It didn't hurt that Cohen had a crack band, the same band that can be heard on the Live in London
(Columbia, 2009) CD and DVD. And while the first set faithfully followed that of those releases, the second set of a show that, with the break, approached the three-hour mark, deviated slightly, with "Famous Blue Raincoat" replacing "Sisters of Mercy" in the second of three encores, since the latter song appeared earlier in the set in place of "The Gypsy's Wife." With most of his backup band multi-instrumentalistswhether it was Javier Mas' Bandurria, laud, archilaud and 12-string guitar, Neil Larsen's keys, accordion and brass, Dino Soldo's keys, saxophones and wind instruments or Bob Metzger's electric and pedal steel guitarbassist/musical director Roscoe Beck's arrangements were filled with variety in an easygoing but never lightweight performance.
Cohen's never had a voice with great range or power, but the fact remainsa truth made especially evident in the film Leonard Cohen: I'm Your Man (2005), where all but a couple of singers with far stronger voices completely butchered Cohen's poetry (Teddy Thompson being the notable exception) by forgetting that it's never about the voice, it's always about the prose: there are few singers alive who can deliver his words with the same pathos, irony and self-effacing humor. And hearing his gruff, low-register voice deliver a line like "Good night, my darling, I hope you're satisfied" in "Closing Time"for which the crowd went wildit's easy to see that as influential as Bob Dylan has been on generations of singers, so too has Cohen been a reference point, albeit one less often cited. Mark Knopfler would surely have not been the same had it not been for Cohen, especially during the ex-Dire Straits guitarist/vocalist's earlier, more poetic days.
The crowd was with Cohen from the first words of "Dance Me to the End of Love," singing along without any need for Cohen to solicit audience participation. And when he sang "The Future," a particularly relevant song in the soundtrack to Oliver Stone's ode to violence, Natural Born Killers (1994), it was still as chilling as ever. Cohen rarely spoke to the audience outside the context of his songs, but when he changed "And just when I climbed this whole mountainside" to "And just when I climbed these 200 mountainsides" in "So Long, Marianne," his specific connection to audience and location was unmistakable. Always the understated poet, Cohen didn't have to pander to his audience; his committed delivery was more than all that was necessary to establish a bond that his fans will walk away with and remember, even if he never plays in Molde again.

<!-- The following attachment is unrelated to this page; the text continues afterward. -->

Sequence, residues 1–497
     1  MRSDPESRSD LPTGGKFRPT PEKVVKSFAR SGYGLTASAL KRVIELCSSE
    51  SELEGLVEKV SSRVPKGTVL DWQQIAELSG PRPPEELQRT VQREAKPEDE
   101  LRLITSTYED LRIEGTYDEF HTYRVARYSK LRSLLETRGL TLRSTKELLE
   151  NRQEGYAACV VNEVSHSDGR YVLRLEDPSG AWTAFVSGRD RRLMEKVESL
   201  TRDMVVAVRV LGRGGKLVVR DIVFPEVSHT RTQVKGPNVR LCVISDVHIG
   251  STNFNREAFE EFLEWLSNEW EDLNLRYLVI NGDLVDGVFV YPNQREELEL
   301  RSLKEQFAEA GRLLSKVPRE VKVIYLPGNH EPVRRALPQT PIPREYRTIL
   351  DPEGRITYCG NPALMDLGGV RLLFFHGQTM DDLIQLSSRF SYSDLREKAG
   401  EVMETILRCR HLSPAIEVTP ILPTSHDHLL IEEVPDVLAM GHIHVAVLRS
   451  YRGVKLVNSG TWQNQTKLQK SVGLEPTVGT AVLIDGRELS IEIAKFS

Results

High points of the show were many but, unsurprisingly, "Suzanne" and "Hallelujah" were two of them, if for no other reason than Cohen demonstrated a simple but moving facility on guitar on the former and unexpected vocal range on the latter; his unerring pitch was maintained throughout the show. And as the show ended with the moving "Whither Thou Goest," where he thanked not only his band, but his road crew and audience, it was clear that Cohen may have been forced into this tour out of necessity, but this was no by rote performance. Cohen gave his all throughout, delivering a set of iconic songs with remarkable grace and elegance, and covering so much of his best material that it would, indeed, be hard to imagine anyone going home unsatisfied.
Tomorrow: Break of Day in Molde; Crime Time Orchestra, Jaga Jazzist, Arve Henriksen with Trio Mediaeval, Ståle Storløkken and Jan Bang.
Visit Leonard Cohen and Molde Jazz on the web.
All Photos: John Kelman
Day 1 | Day 2 | Day 3 | Day 4 | Day 5 | Day 6